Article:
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Wikipedia states, that it has been proven, that there are at most $1.276^n$ hamilton cycles in a cubic graph with $n$ nodes. This upper bound is not valid for $n=6$. The values I found out using an online calculator are $(H(n)$ is the true maximum number of hamilton-cycles) :

$$ n\ \ \ \ \ \ \ \ ceil(1.276^n) \ \ \ \ \ \ \ H(n)$$

$$ 4\ \ \ \ \ \ \ \ \ 3\ \ \ \ \ \ \ \ \ \ \ \ \ \ \ \ \ \ 3 $$ $$ 6\ \ \ \ \ \ \ \ \ 5\ \ \ \ \ \ \ \ \ \ \ \ \ \ \ \ \ \ 6 $$ $$ 8\ \ \ \ \ \ \ \ \ 8\ \ \ \ \ \ \ \ \ \ \ \ \ \ \ \ \ \ 6 $$ $$10\ \ \ \ \ \ \ \ \ 12\ \ \ \ \ \ \ \ \ \ \ \ \ \ \ \ \ \ 12$$ $$12\ \ \ \ \ \ \ \ \ 19\ \ \ \ \ \ \ \ \ \ \ \ \ \ \ \ \ \ 16$$ $$14\ \ \ \ \ \ \ \ \ 31\ \ \ \ \ \ \ \ \ \ \ \ \ \ \ \ \ \ 24$$ $$16\ \ \ \ \ \ \ \ \ 50\ \ \ \ \ \ \ \ \ \ \ \ \ \ \ \ \ \ 32$$ $$18\ \ \ \ \ \ \ \ \ 81\ \ \ \ \ \ \ \ \ \ \ \ \ \ \ \ \ \ 64$$

My questions :

  • Are my values for $H(n)$ correct ?
  • Is the upper bound valid for $n>6$ ? (I could not open the link wikipedia shows)
  • Upto which $n$ is the true value $H(n)$ known ?
  • Is the upper bound asymptotically sharp; does $$\lim_{n->\infty} \frac{1.276^n}{H(n)}=1$$ hold ?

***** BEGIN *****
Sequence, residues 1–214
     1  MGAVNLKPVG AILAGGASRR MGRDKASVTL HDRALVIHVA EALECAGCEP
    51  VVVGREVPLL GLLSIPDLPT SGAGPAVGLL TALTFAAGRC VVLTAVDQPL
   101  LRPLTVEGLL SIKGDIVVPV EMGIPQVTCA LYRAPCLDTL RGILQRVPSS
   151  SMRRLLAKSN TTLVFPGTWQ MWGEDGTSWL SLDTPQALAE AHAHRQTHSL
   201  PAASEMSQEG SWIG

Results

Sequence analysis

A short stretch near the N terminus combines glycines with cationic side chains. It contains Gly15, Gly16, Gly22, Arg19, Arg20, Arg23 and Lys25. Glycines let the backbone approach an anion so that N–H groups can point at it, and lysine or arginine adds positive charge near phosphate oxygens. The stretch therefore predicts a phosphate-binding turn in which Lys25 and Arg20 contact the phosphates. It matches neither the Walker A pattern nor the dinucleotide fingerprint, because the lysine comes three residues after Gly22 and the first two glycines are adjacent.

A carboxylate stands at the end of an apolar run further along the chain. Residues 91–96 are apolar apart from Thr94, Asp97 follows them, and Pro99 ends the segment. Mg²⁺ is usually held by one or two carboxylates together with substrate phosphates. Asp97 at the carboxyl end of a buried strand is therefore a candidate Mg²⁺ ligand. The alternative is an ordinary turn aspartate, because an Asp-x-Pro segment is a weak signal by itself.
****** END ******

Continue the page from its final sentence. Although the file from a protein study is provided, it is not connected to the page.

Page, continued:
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  • $\begingroup$ I used the ceil-function (rounding up). If I would use the truncate-function, only the values for $n\ge 12$ (and for $n=8$) would be valid. $\endgroup$ – Peter Oct 27 '14 at 17:25
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  • I get the same values for $H(n)$
  • The bound in the paper is an asymptotical bound, that is the number of Hamiltonian cycles in a cubic graph is $O({1.276}^n).$
  • I don't think $H(n) \sim {1.276}^n.$ If this were known, the authors would state the result involving $\Theta$ not $O$

The mentioned paper can be found here.

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  • $\begingroup$ So, $H(n)<=1.276^n$ need not be true for all $n>6$ ? (Since the bound is only asymptotical) $\endgroup$ – Peter Oct 27 '14 at 17:53
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    $\begingroup$ Exactly. What you do know though is that the limit you mention is $\leq c$ for some $c > 0.$ $\endgroup$ – Jernej Oct 27 '14 at 17:54
  • $\begingroup$ @Peter I forgot to mention that in this context $c$ can as well be infinity. $\endgroup$ – Jernej Oct 28 '14 at 8:38

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